Wesleyan's Tenth President

James L. McConaughy

B.A., M.A., Ph.D., LL.D.

"A college should always be stable, but never standing still."

James L. McConaughy was only 37 years old when he was elected to the presidency of Wesleyan University but he arrived on campus with prior administrative experience as president of Knox College in Galesburg, Ill. Born on October 21, 1887, in New York City, he graduated from the Mt. Hermon School and from Yale University. After teaching English and education at Bowdoin and Dartmouth colleges, where his skill in public speaking was well known, he was elected president of Knox in 1918.

When he was elected president of Wesleyan six years later (he assumed the office in February 1925), he brought his educational philosophy to campus. He believed that a college president should teach classes and he felt that athletics were "real preparation for the game of life." Gifts of almost $1.2 million were announced at the conclusion of his inaugural address and he used the money for building projects. He supervised the construction of the "Cage," officially known as the Alumni Athletic Building, which was used until 2004 for men's and more recently, women's, basketball.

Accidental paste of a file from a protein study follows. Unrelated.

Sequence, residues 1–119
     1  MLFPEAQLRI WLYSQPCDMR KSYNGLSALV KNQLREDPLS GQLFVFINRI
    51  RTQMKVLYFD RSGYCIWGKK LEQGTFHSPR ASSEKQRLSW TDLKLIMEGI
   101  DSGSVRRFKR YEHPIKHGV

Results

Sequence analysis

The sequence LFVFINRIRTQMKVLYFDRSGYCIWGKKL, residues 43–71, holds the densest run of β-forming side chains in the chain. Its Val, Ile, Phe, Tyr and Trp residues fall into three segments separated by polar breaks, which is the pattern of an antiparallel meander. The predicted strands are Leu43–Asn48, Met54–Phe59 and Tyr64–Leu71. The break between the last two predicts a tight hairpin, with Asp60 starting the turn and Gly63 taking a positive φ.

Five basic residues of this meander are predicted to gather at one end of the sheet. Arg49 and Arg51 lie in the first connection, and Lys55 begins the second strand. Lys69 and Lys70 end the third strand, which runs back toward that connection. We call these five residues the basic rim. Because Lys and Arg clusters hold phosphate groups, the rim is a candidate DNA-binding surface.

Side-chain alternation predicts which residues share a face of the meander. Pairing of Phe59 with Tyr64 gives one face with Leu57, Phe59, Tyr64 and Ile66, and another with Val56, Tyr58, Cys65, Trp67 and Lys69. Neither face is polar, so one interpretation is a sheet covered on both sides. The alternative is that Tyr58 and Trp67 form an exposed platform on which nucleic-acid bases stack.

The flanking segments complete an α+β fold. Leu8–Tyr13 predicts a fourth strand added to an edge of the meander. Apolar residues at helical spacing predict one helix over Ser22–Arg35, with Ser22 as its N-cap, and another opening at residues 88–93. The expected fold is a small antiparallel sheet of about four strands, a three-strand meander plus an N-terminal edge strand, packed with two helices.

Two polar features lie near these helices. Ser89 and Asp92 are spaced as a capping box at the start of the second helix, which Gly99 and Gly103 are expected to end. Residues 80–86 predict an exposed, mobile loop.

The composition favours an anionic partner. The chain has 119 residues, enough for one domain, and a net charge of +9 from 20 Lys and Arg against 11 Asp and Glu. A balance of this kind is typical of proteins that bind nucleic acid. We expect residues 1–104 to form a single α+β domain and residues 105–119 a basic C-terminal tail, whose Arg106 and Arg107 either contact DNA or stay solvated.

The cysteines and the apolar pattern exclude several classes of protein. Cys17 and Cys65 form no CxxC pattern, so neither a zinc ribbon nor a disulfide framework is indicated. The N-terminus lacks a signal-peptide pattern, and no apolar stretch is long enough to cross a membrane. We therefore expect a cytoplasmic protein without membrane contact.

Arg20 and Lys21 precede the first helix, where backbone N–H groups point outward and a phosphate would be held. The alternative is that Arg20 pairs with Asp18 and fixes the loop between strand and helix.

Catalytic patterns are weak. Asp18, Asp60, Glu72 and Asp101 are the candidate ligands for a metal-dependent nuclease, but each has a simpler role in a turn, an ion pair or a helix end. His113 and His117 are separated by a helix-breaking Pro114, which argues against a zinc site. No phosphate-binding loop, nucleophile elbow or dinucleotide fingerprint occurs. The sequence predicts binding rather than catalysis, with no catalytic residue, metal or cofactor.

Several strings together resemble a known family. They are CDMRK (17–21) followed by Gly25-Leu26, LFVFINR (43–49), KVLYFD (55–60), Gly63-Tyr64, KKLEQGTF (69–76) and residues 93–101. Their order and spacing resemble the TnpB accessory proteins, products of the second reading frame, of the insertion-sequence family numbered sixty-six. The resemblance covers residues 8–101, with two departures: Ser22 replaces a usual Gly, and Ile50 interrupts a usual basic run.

Other buildings constructed during his tenure include Hall Laboratory, Olin Library, Shanklin Memorial Laboratory, and Harriman Dormitory. The old library was then remodeled and became the '92 Theater (now the Patricelli '92 Theater). A very successful Centennial Celebration was held during his tenure.

McConaughy believed strongly in the honor system ("the finest flower of student responsibility") and in individual initiative. He introduced new courses in the arts. Intercollegiate events-athletics, singing, debating, and forums-were very popular. During this era between the two world wars, students had more freedom and more responsibility than previously.

In September 1942, McConaughy was granted a leave of absence to become president of United China Relief, and in April 1943 he resigned after 18 years as president of Wesleyan. Active by then in Republican politics, he served as lieutenant governor of Connecticut from 1939 to 1941 under Governor Raymond Baldwin, an alumnus of the class of 1916.

When McConaughy ran for governor several years later, in an ironic twist, his opponent was Wilbert Snow, the poet and Wesleyan professor of English, whose lectures, often considered radical, McConaughy had had to defend to Wesleyan trustees. McConaughy, for whom McConaughy Hall, fondly known as Mocon, the scene of freshmen dining, was later elected governor of Connecticut and served from 1947 until he died in office on March 7, 1948.